For the first year in the College’s history there are now female students studying across all trade disciplines – Bricklaying, Painting and Decorating and Carpentry and Joinery as well as in Automotive Engineering. Steve Piff is the programme leader for the Construction and Automotive trades at Penwith College and says that perceptions of working in the construction and engineering trades are developing fast. “In today’s industry all trades are totally accessible,” he said.
“The construction industry isn’t all about working on site on new build projects from the ground up. There are plenty of opportunities for skilled tradespeople that enjoy a creative and artistic approach, or one of many related trades such as architecture, surveying and project management. For the last three years we have had students from our area go on to university to study architecture for example, which demonstrates the potential to progress to university as well as onto employment.”
One of the new female students is Kiah-Jade, a carpentry student from Madron. “I was looking for a hands-on creative course,” she said. “I tried carpentry when I came to Penwith College on a taster day and decided there and then that it was for me. I feel that by my being here I am changing the stereotype of male and female careers. In class though I am just the same as everyone else. We all have our individual projects and work at different speeds. I hope to have a bespoke carpentry business eventually bringing together my creativity with my technical carpentry skills.”
Kiah-Jade’s experienced tutor Andy Walker said he has seen first-hand the gradual shift in the perceptions of who trade industry skills are for. He said: “I have taught bench joinery for over 25 years and have seen a shift in applicants from more diverse backgrounds in this time. As one of the more artisan trades there is a lot of opportunity for creativity in designing bespoke timber products which appeals to a broader mix of student.”
Robyn is a Painting and Decorating student from Mousehole and says she chose that option as it helps to create skills that could last a lifetime. “I chose painting and decorating as it is a practical course that could lead on to an apprenticeship,” she said. “The course is fun as well as learning practical and useful skills. This year is all about the basics but next year I hope to be more creative as I enjoy interior design. We all get along, girls and boys; there’s no difference between us really. In our class there are more girls than boys.”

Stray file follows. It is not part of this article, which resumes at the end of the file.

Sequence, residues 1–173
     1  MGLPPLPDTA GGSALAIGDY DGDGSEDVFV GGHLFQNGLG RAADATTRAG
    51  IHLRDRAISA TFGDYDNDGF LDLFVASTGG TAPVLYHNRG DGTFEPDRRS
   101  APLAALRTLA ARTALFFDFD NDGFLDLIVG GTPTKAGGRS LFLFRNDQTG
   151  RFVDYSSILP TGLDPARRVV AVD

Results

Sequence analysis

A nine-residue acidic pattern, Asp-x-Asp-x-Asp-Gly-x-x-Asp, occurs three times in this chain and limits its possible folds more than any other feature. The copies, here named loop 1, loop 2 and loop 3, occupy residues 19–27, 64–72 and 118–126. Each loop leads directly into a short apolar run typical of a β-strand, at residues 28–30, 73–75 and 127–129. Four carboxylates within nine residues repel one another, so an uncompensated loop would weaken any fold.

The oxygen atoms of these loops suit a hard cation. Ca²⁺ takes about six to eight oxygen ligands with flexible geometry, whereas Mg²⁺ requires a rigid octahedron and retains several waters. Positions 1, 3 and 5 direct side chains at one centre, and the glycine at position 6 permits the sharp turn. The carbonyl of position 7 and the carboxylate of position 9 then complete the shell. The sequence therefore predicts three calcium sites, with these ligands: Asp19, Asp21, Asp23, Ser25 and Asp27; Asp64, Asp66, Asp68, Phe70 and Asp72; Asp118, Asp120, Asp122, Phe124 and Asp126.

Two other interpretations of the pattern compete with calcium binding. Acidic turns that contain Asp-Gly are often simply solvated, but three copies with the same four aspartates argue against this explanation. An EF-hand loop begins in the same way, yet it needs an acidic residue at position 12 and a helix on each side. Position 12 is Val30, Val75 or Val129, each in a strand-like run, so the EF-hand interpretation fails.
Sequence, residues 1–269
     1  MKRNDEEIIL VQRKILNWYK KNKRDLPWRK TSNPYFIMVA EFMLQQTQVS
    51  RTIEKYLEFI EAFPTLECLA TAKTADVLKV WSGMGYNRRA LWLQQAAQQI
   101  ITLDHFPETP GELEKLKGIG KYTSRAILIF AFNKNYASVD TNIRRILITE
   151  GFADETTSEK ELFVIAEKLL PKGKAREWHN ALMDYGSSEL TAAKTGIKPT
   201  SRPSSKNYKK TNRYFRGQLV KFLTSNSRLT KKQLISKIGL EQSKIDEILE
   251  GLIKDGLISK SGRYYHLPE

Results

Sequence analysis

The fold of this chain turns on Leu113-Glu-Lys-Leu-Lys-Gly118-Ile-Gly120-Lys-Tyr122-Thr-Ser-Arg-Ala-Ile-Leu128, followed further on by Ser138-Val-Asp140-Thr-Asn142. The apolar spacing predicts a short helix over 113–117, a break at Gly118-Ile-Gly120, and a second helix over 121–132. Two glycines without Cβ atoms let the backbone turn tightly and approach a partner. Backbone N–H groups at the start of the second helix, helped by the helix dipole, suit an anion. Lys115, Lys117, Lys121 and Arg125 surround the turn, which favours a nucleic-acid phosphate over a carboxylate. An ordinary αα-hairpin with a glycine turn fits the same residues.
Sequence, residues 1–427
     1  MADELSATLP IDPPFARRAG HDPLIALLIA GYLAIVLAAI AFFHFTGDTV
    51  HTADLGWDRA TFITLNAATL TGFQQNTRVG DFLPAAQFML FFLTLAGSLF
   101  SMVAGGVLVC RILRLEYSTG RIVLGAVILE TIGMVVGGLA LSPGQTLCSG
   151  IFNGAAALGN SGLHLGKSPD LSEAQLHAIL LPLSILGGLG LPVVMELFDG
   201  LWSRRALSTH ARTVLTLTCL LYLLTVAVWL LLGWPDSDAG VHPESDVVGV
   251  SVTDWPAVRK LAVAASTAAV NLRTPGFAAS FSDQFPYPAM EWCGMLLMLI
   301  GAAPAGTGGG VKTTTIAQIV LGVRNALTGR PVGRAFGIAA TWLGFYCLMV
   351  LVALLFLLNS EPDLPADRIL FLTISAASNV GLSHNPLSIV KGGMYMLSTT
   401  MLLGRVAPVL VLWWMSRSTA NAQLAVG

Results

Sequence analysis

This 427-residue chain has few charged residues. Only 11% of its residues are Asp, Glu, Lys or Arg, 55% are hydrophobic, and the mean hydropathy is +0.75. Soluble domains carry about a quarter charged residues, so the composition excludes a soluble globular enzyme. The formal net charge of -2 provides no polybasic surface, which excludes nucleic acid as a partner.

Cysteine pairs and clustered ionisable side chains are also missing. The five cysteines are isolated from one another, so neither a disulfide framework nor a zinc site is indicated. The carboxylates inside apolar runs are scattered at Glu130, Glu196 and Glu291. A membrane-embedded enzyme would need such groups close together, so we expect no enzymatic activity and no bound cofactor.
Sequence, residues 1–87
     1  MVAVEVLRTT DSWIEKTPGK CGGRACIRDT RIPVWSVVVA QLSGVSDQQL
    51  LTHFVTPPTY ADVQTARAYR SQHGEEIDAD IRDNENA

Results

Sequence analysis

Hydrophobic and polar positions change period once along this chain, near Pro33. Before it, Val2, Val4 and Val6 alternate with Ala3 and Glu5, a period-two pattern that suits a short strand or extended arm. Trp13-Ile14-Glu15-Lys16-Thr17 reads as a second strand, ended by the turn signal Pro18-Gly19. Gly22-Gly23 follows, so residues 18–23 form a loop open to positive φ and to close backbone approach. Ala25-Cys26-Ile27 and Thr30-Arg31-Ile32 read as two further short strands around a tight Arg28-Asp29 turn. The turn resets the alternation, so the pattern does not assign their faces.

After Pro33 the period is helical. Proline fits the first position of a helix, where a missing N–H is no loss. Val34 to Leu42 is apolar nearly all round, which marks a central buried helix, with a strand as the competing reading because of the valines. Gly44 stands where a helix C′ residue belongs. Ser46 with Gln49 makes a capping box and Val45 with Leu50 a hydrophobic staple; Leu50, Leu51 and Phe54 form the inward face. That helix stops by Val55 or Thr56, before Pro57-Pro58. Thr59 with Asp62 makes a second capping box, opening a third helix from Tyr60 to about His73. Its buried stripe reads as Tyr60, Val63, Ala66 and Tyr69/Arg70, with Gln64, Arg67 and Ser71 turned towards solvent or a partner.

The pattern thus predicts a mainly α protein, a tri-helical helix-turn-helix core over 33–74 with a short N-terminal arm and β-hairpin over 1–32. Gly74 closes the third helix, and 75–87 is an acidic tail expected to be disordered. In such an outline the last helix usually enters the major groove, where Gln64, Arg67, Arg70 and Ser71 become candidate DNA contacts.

Robyn’s tutor Andie Bishop added: “I think it is fantastic to achieve more diversity in the industry. In domestic Painting and Decorating there is definitely a niche for non-male tradespeople, with some members of the community preferring a female working in their home, especially those who feel more vulnerable.”
Newlyn’s Tamsin is a bricklaying student and says she definitely feels part of the team. She said: “I have always been interested in buildings and design and this seemed like the perfect place to start. I feel part of the team here. No one treats me any different because I am the only girl in this group – not the teachers nor the other students. We just all work together.”
Her tutor Wayne Sheppard said: “Tamsin is an exceptional student. She has excellent attention to detail and works really hard. If she continues at her current level she will achieve very highly.”
The Midas Group is one of the largest construction companies in the South West and has a long-standing relationship with Truro and Penwith College. Midas Construction is currently completing a specialist technology facility, called the Valency Building, and is about to begin work on a new STEM and Health Skills Centre on behalf of the college. The Group is committed to creating a diverse and inclusive environment where all its people maximise their potential and is always looking to encourage more women into a career within the sector.
Alice Rumbelow has been working at Midas Construction for almost five years. She joined as a Trainee Quantity Surveyor for a one year work experience placement as part of her university degree and has been with the company ever since. She was recently promoted to the role of Quantity Surveyor. Alice said: “I am the fourth generation in my family who has gone on to be a Quantity Surveyor, but the first woman to do so. I worked for my dad’s company as a teenager and that really fuelled my interest in construction. Many people consider construction to be a male-dominated industry but, in my experience, men and women are offered the same level of respect and it is an equal playing field. Women can offer a different perspective on things, and the more perspectives you have on a construction project the better. I have a fantastic support network at Midas and have worked with both male and female colleagues who have supported me and encouraged me to succeed. Everyone has an equal opportunity here and if you put in the time and the effort, you will see the reward.”
Lucy Maggs, Operations Director at Penwith College, is delighted that more and more females are choosing trade and construction skills for their course choices and that the trend reflects the College’s constant focus on equality and diversity. “Equality and Diversity is embedded into everything we do at the College from recruitment to teaching,” she said. “We feel that it is very important that each and every student in the College has access to the education they need to fulfil their potential through either an academic or vocational course of study and we do our very best to facilitate this.”
To discover more about trade courses at Penwith College, starting in September 2021, please visit the College website at Construction (truro-penwith.ac.uk) or call the Penwith College admission team on 01736 809000.